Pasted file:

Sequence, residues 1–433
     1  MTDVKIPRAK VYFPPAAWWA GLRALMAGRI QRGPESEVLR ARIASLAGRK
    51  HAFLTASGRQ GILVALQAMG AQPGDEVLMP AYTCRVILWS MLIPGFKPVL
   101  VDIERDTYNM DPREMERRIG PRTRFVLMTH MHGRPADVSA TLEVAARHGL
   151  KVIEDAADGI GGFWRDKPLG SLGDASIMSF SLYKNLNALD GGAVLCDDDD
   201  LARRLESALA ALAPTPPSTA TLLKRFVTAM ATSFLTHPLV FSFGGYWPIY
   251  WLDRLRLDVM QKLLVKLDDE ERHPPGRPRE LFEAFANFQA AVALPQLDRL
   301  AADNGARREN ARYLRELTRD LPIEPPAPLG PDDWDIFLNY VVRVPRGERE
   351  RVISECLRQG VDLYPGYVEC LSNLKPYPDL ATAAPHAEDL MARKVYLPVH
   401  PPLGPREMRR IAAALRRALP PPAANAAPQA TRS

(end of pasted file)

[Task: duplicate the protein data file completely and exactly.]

Sequence, residues 1–433
     1  MTDVKIPRAK VYFPPAAWWA GLRALMAGRI QRGPESEVLR ARIASLAGRK
    51  HAFLTASGRQ GILVALQAMG AQPGDEVLMP AYTCRVILWS MLIPGFKPVL
   101  VDIERDTYNM DPREMERRIG PRTRFVLMTH MHGRPADVSA TLEVAARHGL
   151  KVIEDAADGI GGFWRDKPLG SLGDASIMSF SLYKNLNALD GGAVLCDDDD
   201  LARRLESALA ALAPTPPSTA TLLKRFVTAM ATSFLTHPLV FSFGGYWPIY
   251  WLDRLRLDVM QKLLVKLDDE ERHPPGRPRE LFEAFANFQA AVALPQLDRL
   301  AADNGARREN ARYLRELTRD LPIEPPAPLG PDDWDIFLNY VVRVPRGERE
   351  RVISECLRQG VDLYPGYVEC LSNLKPYPDL ATAAPHAEDL MARKVYLPVH
   401  PPLGPREMRR IAAALRRALP PPAANAAPQA TRS